What it lacks in size, the mysterious Torhalle at the former Benedictine abbey of Lorsch – another UNESCO World Heritage Site – more than makes up for in beauty and historical significance. The royal abbey was built between 767 and 880 AD, and the Torhalle dates from the latter part of this period. With its well-preserved, festive red-and-white stone facade rising above three very Roman-looking arches, it certainly looks like a gatehouse, hence its popular name, but it’s actually not at all certain what the original function of the little building was. Archeological investigation suggests, however, that it stood within the main gate of the abbey, whose precincts covered a much greater area than that which you now see. The hall upstairs is a palimpsest of wall paintings, from two layers of Carolingian origin to traces of Romanesque and more substantial, Later Gothic work.
A traffic-free promenade leads up to Mathildenhöhe, the artists’ colony founded by the Grand Duke Ernst Ludwig in 1899. A grove of clipped plane trees, the Platanenhain, stands at the entrance and provides shade for summer boules players. The first building is the tiny, richly decorated Russische Kapelle (Tues–Sun 10am–1pm & 2–4pm; donation requested) built for Ernst Ludwig’s relatives, the Russian royal family.
Behind the Platanenhain soars the 48.5m Hochzeitsturm or Wedding Tower designed by Joseph Maria Olbrich as the city’s wedding present to the Grand Duke on the occasion of his second marriage in 1905 and completed in 1908. It remains the colony’s most prominent landmark. It’s an impressive work of architecture, reflecting the eclectic roots of the style: daringly modern for its time yet with copper-clad gables that recall North German brick Gothic.
Take the lift to the top to enjoy views which extend to Frankfurt and the Taunus on a clear day, then descend via two richly decorated rooms: the Hochzeitszimmer or Wedding Room and the opulent Fürstenzimmer. The tower still functions as Darmstadt’s registry office; renovation work at the time of writing meant parts of the building could not be seen. Alongside the Hochzeitsturm the Austellungsgebäude was built for the colony’s 1908 exhibition and is now the venue for major touring art and design exhibitions.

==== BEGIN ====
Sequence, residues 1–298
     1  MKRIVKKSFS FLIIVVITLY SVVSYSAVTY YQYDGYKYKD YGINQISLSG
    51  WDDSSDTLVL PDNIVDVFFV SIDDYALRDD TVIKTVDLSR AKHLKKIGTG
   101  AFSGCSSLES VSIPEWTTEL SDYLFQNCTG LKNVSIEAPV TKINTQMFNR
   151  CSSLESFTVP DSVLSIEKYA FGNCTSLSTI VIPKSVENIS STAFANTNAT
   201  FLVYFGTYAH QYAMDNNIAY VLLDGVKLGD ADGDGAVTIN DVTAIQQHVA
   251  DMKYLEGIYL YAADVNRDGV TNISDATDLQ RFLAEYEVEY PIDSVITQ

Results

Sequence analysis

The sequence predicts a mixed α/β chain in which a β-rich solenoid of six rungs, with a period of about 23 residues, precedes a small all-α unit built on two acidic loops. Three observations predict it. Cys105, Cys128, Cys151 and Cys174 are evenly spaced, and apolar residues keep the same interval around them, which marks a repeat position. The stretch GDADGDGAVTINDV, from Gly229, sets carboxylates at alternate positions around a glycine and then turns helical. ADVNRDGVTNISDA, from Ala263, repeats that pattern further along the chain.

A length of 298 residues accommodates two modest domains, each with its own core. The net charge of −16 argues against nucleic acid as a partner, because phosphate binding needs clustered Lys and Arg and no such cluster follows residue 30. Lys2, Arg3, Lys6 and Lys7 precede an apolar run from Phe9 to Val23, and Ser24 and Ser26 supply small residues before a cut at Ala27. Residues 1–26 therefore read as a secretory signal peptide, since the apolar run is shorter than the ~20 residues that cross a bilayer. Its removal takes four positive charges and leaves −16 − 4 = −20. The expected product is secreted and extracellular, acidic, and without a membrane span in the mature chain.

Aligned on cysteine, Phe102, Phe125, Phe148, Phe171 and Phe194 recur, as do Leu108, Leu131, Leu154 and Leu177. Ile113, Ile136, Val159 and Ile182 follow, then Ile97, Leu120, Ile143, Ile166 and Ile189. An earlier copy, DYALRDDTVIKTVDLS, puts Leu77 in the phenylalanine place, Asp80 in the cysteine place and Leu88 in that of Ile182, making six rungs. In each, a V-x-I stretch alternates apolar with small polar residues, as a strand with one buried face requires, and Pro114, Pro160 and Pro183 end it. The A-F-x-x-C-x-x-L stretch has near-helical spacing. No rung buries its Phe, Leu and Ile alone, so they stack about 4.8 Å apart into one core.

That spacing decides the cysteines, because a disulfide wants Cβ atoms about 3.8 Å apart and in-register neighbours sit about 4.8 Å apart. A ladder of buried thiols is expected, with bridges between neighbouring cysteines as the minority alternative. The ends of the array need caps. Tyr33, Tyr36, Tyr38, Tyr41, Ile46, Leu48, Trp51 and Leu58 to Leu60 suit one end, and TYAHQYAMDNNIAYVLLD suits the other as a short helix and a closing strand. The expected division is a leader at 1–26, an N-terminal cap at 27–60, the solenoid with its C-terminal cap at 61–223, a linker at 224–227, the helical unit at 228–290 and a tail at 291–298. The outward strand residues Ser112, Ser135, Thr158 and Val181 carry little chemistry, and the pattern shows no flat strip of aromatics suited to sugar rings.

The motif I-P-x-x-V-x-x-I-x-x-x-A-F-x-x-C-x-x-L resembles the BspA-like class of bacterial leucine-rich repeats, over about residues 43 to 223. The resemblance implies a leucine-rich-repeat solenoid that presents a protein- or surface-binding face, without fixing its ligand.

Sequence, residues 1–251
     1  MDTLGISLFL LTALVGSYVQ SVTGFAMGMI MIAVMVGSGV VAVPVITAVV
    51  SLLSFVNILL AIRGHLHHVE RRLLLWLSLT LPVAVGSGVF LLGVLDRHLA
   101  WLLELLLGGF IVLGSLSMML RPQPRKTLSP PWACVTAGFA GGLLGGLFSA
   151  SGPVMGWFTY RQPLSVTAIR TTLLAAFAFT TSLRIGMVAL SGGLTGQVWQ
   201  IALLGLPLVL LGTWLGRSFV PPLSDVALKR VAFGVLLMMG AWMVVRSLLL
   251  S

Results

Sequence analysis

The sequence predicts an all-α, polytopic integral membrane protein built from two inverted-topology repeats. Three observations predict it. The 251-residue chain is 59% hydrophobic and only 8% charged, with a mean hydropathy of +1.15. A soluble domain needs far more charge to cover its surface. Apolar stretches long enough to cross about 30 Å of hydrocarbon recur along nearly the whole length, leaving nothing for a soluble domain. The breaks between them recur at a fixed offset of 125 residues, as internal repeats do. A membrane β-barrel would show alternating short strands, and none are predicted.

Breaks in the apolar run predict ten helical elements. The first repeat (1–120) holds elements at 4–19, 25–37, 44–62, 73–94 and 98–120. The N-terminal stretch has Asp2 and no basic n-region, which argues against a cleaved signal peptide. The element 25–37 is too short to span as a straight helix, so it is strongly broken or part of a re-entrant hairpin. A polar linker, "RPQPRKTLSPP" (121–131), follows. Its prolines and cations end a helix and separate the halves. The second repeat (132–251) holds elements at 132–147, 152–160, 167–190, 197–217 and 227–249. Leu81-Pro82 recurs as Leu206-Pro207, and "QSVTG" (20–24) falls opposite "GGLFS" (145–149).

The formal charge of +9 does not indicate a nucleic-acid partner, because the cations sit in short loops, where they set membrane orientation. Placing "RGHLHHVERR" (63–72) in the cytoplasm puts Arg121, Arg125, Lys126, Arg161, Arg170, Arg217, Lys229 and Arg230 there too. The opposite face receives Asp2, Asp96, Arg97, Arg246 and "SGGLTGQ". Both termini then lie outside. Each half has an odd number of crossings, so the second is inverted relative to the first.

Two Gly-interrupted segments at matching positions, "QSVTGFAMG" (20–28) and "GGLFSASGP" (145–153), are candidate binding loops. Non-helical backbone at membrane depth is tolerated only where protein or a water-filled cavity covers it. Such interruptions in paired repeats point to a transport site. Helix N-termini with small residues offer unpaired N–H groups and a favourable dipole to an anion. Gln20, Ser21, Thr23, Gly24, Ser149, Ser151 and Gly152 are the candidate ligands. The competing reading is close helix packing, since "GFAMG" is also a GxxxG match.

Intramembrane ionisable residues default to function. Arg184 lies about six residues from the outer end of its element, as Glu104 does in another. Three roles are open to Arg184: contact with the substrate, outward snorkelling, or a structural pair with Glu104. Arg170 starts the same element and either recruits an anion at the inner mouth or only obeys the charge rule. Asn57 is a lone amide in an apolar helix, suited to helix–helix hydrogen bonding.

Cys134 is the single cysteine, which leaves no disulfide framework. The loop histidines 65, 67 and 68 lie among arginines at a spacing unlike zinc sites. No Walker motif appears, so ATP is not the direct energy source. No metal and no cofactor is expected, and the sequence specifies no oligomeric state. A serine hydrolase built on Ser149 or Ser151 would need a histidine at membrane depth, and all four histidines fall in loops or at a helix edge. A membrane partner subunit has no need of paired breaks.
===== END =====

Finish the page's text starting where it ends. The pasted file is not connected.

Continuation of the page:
Much smaller than the Hochzeitsturm but more richly decorated, nearby Ernst-Ludwig-Haus was built for the colony’s 1901 exhibition and functioned as the artists’ ateliers. It now houses the Museum Künstlerkolonie, a fascinating exhibition on the history and work of the colony. There’s a model of the area in the foyer, while the displays document the four great exhibitions and the work of individual members of the colony. Highlights include the dining room Peter Behrens created for the Berlin department store Wertheim in 1902. Afterwards, stroll among the villas to the south of the main complex, many of which have been taken over for institutional purposes. Particularly noteworthy are the Kleines Glückerthaus at Alexandraweg 25, Haus Olbrich at no. 28 and Haus Behrens at no. 17.
East of Mathildenhöhe, the Expressionist, brick-built 1924 Löwentor is topped by the lions from the 1914 exhibition and marks the entrance to Rosenhöhe, a former vineyard reworked as an English-style park in the early nineteenth century. The grounds are peppered with buildings, from the 1950s artists’ ateliers to a pretty Biedermeier tea house and the Neoclassical mausoleum in which many of the Hesse-Darmstadts are buried. The highlight is the formal rose garden created for Ernst Ludwig. West of Rosenhöhe on Landgraf-Georg-Strasse, the Familienbad Grosser Woog offers open-air swimming at the lake of the same name.
A few kilometres east of Darmstadt is the GRUBE MESSEL, a redundant oil-shale pit on the site of an ancient volcanic crater-lake which has yielded such rich fossil finds that it is now a UNESCO World Heritage Site. The fossils date from the Eocene period around 49 million years ago, when the climate in what is now Hesse was subtropical; the present-day descendants of many of the species found here – including opossum, anteaters, flightless birds and crocodiles – are now only found far from Germany.